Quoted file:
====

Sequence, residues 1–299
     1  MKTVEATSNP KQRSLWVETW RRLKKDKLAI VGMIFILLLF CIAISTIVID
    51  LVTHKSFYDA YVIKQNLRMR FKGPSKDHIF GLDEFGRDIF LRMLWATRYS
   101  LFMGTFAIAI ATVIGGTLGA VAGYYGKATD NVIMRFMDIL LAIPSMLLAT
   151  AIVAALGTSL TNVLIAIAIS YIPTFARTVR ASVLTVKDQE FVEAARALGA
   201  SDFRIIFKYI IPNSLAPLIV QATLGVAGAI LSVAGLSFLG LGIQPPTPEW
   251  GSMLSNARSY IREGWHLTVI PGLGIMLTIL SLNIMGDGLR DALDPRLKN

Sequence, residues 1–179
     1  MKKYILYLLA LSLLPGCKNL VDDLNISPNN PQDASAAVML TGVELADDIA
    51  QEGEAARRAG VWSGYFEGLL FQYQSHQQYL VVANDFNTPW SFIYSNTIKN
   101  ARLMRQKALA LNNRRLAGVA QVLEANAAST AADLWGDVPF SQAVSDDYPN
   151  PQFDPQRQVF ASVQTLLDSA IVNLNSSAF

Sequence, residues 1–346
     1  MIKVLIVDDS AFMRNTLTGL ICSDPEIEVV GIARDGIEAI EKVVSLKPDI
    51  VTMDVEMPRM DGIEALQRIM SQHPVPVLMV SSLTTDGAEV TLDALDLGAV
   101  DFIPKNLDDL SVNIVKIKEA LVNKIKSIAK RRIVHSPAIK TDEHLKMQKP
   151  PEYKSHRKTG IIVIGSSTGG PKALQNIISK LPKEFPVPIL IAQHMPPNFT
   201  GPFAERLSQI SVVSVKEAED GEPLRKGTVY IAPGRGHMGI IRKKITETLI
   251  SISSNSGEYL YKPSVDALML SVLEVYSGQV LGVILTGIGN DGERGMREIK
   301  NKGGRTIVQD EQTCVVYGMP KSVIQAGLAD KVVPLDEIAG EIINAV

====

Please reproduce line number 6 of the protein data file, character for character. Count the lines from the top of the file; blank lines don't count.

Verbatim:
   201  SDFRIIFKYI IPNSLAPLIV QATLGVAGAI LSVAGLSFLG LGIQPPTPEW